more dues

I got some encouraging replies after the last entry. That might have been partially due to my making it sound like our situation is worse than it is. My complaint was more about the pressures in society to "pay your dues" rather than about the specific situation we face right now. Maybe I should say a bit more about that.

It's true (as Stephen pointed out) that we shouldn't have to please authorities and influential people to draw out God's poor, the anawim. But our initial thoughts were that we would work with social service organizations, and perhaps churches with active programs to help the poor. It would be easier that way. That, however, does run you into authorities and the people that have positions of influence in those organizations. Trying to access larger numbers of people, we found ourselves struggling to be heard by the leaders of those big groups. Not very easy.

I imagine that people in authority don't necessarily intend to make it hard for "the little people" to be heard. I suppose they're usually busy and pressured and have to prioritize. But then part of the problem is that the priority goes to the big, the popular, the influential. "Paying your dues" comes to mean learning what sells to the people on top, and making yourself attractive to them. Making yourself like them, really. It's a way of bringing people into conformity with something that's pretty much the opposite of Jesus.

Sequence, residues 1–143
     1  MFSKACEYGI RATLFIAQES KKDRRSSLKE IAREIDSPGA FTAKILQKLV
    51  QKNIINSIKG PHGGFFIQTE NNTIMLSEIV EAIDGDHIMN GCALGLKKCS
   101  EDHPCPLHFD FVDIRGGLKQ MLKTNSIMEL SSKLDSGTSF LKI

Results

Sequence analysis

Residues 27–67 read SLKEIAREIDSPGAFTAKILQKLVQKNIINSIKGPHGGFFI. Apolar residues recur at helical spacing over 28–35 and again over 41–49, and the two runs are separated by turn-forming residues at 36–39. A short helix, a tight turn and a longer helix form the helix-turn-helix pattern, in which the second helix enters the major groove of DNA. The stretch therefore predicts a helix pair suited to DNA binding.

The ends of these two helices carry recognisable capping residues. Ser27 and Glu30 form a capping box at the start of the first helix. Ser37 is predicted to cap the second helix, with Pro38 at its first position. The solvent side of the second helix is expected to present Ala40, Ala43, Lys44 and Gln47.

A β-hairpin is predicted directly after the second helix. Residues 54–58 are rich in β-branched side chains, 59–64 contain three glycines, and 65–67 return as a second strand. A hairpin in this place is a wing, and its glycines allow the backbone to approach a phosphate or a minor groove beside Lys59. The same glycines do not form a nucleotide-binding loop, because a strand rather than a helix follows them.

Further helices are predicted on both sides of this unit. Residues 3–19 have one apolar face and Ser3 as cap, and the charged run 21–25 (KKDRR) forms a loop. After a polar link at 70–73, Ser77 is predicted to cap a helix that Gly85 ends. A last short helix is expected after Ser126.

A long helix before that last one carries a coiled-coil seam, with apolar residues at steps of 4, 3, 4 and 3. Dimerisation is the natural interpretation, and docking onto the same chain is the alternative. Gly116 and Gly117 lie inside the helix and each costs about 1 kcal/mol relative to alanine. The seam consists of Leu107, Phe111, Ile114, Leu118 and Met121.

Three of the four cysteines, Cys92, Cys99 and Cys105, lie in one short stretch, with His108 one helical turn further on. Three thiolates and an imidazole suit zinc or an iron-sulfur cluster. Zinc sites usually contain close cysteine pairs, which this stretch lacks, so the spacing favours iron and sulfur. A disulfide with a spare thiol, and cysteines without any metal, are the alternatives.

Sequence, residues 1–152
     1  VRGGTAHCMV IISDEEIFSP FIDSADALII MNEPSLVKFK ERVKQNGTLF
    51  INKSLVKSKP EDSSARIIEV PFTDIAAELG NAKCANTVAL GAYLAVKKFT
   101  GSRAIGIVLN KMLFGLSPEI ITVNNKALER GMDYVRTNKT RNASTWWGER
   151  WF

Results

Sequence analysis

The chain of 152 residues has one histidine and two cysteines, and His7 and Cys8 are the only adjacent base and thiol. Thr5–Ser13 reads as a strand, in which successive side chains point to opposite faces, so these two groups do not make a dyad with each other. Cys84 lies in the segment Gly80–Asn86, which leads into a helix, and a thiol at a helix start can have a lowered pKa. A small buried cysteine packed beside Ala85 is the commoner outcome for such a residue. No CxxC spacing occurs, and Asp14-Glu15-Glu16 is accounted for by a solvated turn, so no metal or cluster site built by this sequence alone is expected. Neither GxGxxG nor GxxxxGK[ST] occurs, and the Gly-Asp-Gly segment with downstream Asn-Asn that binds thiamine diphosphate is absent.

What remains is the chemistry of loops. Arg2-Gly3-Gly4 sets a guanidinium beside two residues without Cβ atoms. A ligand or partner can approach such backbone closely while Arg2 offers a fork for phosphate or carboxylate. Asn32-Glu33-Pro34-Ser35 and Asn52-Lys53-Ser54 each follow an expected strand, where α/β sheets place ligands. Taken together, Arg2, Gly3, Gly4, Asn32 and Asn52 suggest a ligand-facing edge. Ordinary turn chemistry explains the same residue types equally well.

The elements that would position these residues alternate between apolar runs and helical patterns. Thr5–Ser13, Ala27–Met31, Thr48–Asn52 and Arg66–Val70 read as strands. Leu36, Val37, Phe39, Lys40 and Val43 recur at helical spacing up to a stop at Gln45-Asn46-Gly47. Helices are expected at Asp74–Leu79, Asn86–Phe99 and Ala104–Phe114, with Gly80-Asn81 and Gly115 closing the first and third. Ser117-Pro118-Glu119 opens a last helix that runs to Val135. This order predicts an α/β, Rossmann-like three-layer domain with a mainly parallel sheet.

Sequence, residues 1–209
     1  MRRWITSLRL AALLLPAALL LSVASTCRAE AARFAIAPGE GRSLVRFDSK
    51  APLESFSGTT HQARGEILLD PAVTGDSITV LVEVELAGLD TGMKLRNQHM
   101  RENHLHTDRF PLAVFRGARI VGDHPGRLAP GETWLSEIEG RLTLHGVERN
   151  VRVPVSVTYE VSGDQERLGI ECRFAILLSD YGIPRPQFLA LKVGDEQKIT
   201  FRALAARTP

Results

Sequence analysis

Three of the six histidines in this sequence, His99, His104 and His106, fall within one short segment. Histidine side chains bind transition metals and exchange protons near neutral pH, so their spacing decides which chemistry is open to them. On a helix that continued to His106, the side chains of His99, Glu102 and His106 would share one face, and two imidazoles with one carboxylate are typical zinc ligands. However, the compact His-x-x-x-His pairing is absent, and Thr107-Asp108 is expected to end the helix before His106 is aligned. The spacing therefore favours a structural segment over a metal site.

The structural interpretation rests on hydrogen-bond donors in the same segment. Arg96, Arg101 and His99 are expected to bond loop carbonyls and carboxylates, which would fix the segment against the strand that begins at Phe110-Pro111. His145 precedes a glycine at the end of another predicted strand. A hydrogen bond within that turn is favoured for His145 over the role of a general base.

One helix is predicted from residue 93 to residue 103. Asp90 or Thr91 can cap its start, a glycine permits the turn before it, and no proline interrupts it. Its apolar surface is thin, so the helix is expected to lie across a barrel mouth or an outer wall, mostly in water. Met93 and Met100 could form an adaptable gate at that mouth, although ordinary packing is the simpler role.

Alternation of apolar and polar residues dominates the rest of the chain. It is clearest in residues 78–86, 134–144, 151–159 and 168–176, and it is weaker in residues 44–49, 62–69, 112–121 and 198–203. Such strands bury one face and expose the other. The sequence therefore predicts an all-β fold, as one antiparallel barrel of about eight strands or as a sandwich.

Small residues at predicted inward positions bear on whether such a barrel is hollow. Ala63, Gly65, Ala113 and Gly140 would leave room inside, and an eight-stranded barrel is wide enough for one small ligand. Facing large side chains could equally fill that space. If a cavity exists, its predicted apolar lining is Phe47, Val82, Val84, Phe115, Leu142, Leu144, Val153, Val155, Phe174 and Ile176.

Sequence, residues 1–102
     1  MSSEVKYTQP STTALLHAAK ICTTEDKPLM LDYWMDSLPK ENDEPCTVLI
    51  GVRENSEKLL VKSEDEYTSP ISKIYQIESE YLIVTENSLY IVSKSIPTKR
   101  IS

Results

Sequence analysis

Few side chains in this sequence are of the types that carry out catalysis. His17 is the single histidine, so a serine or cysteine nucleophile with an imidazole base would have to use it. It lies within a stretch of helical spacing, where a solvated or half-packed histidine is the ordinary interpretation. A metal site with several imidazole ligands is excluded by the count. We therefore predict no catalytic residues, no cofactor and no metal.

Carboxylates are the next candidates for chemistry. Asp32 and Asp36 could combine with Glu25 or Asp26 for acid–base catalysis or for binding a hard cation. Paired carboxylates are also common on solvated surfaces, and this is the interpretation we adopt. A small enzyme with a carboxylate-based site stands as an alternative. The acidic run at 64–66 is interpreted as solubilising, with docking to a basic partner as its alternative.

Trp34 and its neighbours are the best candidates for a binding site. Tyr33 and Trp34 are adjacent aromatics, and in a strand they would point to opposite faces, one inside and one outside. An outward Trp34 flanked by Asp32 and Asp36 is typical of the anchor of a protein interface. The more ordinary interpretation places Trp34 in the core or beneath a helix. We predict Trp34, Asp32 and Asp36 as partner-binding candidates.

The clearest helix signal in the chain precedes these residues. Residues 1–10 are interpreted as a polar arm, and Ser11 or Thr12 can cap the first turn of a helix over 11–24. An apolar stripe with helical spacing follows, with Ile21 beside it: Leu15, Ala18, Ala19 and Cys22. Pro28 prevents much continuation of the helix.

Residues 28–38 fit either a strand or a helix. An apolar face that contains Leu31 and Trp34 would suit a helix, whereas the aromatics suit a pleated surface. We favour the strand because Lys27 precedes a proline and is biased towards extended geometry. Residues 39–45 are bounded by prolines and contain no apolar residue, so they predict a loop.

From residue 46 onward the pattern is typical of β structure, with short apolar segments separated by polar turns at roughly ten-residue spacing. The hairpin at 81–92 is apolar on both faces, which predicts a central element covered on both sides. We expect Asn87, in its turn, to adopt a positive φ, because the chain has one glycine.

My response to this is simply to try to step back from appealing to the leaders, and look for the connections God is offering closer to the people we want to serve. At the time I thought that, I had been given two suggestions of people to contact. One was a pastor for all the pastors in our denomination in the Chicago area. The other was a couple suggested by a friend; they had a rough past but were now involved with some kind of ministry, and my friend had a feeling we might work well together. My inclination was to contact the pastor-of-pastors, of course. But I decided to call the other guy, though it was hard tracking him down, and I couldn't see it leading to much.

It turns out he's very interested, though. And he's a pastoral counselor for ten church locations, working with many people that have had addiction and abuse problems. I'm not sure yet if it'll be a good fit, but it's the most enthusiastic response we've gotten so far.